A mass shooting at the Inland Regional Center in San Bernardino that left 14 dead and 21 others injured was being investigated as an act of terrorism, the FBI announced Friday.
“As of today, based on the information and the facts as we know them, we are now investigating these horrific acts as an act of terrorism,” Dave Bowdich of the FBI said at a Friday morning news conference.
The declaration came two days after Syed Farook, 28, and Tashfeen Malik, 27, stormed into a County of San Bernardino Department of Public Health training and holiday luncheon at the center, spraying a room full of Farook's coworkers with bullets.
Federal investigators have uncovered evidence that pointed to extensive planning ahead of the deadly attack, Bowdich said.
Although he didn't specify the evidence, he said there were a number of pieces "that has essentially pushed us over the cliff to say we are now investigating this as an act of terrorism.”
He did not link the attack to any terror group, including Islamic State, saying they were still working with the agency's foreign partners to determine any overseas connections.
Earlier in the day, three U.S. officials told CNN that Malik had declared her loyalty to the leader of ISIS on Facebook, apparently posting it on the social media site as the massacre occurred.
Bowdich said the FBI was aware of the post, and was looking into it. He offered no additional information on the post.
Authorities were also looking into Farook's communications via social media and phone with at least one subject who was being investigated for possible terror connections, according to CNN.
Bowdich confirmed that at least one of the two individuals involved had "telephonic connections" with other subjects being investigated by federal officials.
He did not specify if it was Farook or Malik, declining to elaborate further on the matter.
Fourteen victims, all between the ages of 26 and 60, were killed and 21 others were injured in Wednesday's attack, the deadliest since 20 children and six staff members were killed in the Sandy Hook Elementary School shooting in 2012.
San Bernardino Police Chief Jarrod Burguan confirmed most of the victims worked for the county.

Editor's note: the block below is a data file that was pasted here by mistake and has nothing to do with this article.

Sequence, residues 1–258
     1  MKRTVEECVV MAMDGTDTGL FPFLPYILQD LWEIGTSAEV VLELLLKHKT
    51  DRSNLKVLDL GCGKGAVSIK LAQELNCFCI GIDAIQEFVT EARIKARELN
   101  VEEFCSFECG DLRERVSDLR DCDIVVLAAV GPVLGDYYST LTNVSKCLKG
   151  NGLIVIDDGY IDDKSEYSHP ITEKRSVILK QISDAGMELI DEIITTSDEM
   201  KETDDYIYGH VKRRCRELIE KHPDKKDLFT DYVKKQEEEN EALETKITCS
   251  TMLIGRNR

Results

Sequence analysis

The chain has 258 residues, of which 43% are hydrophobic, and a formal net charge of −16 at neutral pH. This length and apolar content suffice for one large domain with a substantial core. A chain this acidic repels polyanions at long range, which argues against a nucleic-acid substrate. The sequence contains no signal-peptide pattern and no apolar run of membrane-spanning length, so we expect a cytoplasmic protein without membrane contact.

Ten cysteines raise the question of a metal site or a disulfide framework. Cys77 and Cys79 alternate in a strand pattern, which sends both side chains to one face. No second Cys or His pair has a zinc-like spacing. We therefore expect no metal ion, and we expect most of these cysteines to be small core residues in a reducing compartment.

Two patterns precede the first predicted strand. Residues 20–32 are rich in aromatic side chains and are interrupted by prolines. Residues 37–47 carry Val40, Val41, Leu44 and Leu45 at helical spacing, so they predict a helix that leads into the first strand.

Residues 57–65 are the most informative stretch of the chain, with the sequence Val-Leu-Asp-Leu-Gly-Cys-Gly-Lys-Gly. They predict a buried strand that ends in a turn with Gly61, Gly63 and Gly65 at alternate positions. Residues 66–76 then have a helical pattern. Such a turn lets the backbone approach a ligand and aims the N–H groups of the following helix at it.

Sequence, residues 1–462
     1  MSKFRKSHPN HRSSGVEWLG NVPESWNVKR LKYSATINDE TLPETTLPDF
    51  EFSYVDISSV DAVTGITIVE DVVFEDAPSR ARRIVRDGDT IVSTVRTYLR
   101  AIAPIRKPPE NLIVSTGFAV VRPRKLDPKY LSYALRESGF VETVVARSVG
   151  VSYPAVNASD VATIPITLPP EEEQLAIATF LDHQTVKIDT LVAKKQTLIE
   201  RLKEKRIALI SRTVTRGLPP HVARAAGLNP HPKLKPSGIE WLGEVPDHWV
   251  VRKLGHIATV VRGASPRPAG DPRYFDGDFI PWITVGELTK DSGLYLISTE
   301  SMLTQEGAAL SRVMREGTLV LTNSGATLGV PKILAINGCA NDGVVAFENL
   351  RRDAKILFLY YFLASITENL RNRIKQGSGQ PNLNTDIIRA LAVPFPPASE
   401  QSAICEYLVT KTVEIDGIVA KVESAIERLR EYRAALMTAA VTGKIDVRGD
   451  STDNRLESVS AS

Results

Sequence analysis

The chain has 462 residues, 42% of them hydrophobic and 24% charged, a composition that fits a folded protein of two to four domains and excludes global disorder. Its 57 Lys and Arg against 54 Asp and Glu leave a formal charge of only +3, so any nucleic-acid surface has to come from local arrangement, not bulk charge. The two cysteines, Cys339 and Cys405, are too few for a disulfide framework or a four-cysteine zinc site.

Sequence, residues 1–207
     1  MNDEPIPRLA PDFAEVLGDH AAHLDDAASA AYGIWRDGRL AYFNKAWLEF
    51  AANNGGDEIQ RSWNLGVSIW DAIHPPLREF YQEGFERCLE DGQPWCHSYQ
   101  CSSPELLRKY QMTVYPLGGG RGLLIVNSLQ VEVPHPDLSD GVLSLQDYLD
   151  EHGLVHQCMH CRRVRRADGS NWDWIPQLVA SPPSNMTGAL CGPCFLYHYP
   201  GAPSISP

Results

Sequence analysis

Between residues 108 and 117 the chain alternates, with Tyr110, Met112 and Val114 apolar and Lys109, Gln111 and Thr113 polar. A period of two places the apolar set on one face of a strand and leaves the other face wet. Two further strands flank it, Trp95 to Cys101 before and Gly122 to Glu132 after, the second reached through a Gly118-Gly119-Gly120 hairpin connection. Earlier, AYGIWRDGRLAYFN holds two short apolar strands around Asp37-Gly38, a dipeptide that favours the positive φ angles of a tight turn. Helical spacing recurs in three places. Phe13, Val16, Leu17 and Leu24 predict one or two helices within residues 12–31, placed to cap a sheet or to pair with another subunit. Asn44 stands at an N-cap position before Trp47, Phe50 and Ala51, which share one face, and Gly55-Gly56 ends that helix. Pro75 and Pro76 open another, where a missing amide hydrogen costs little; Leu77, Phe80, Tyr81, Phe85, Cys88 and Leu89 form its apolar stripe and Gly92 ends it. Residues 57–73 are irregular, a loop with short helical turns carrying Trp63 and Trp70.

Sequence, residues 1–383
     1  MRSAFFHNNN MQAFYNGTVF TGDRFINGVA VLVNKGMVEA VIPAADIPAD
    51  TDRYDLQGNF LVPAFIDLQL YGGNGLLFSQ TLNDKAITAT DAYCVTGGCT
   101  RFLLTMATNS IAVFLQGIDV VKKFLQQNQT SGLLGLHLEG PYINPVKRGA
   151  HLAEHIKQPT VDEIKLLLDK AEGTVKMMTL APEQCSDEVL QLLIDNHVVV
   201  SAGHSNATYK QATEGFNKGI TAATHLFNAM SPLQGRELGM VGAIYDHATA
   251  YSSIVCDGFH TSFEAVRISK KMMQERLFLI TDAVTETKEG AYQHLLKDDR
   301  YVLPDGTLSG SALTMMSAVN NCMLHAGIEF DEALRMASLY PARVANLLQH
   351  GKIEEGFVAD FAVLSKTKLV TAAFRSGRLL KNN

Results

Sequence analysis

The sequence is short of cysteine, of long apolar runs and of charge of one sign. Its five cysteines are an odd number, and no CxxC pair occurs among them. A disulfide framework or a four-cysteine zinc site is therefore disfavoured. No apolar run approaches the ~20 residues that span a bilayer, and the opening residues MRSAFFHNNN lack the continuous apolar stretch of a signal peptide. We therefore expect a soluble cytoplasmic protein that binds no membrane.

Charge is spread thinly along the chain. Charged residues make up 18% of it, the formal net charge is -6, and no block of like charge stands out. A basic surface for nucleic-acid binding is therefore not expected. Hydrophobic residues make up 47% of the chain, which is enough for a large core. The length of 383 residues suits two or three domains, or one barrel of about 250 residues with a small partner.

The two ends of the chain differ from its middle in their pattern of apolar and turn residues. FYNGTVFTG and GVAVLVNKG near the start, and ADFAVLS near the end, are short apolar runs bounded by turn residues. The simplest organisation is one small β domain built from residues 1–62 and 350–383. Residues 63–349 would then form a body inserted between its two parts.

He said Farook, an American, was employed by the county's health department and had attended the luncheon that morning.
Farook left the party angry, possibly after a dispute. Others told authorities he seemed to have just disappeared from the venue.
He later returned to the party with Malik, his wife, wearing “black-style tactical gear,” and began shooting at party attendees, according to police.
The couple was heavily armed and “came prepared,” Burguan said Wednesday. They fired 65 to 75 rounds at the luncheon before fleeing in a rented black SUV.
Three pipe bombs attached to a remote-controlled car were also later discovered by first responders, according to the chief.
Several hours after the deadly rampage, the couple was killed during a shootout with law enforcement officers. According to Burguan, the suspects fired 76 rounds at the officers, who fired about 380 in return during the gunbattle.
The four guns used by Farook and Malik were all purchased legally, Burguan said. Two of the handguns were bought by Farook, while an unidentified person obtained the other two firearms.
The couple had been married for about two years, after Farook returned from a 2013 overseas trip to several countries, including Pakistan, where Malik was from, Bowdich said.
CNN reported that he went to Saudi Arabia, but the FBI official was unaware of the other countries Farook visited during the trip.
It was not known what role, if any, Farook's travels played in the attack, the FBI official said at the news conference.
Neither appeared on any federal list of potentially radicalized people, according to CNN.
Bowdich would not comment on whether anyone else was being investigated as a suspect in connection to the case. No other arrests, however, have been made.
"It's possible there may be some in the future," he said.
Bowdich stressed the FBI was still in the early stages of the investigation, and that the process of searching for evidence was ongoing.
All resources were being utilized to find "every piece" of available evidence out there, including digital media, phone calls, emails and intelligence, he stated, adding that the information would hopefully point them to a motive for the terror attack.
Bowdich added that the couple had “attempted to destroy their digital fingerprints,” even crushing their cellphones and throwing them away in a nearby trash can. They were recovered by federal authorities, who were working to obtain the data from the devices.
The FBI has already completed its investigation at the Redlands residence Farook and Malik had apparently rented, according to Bowdich.
"That takes time, it's not a three-day process," he told reporters.
Anyone with information about the case is encouraged to contact the FBI by calling 1-800-225-5324.
KTLA's Ashley Soley-Cerro and the CNN Wire contributed to this story.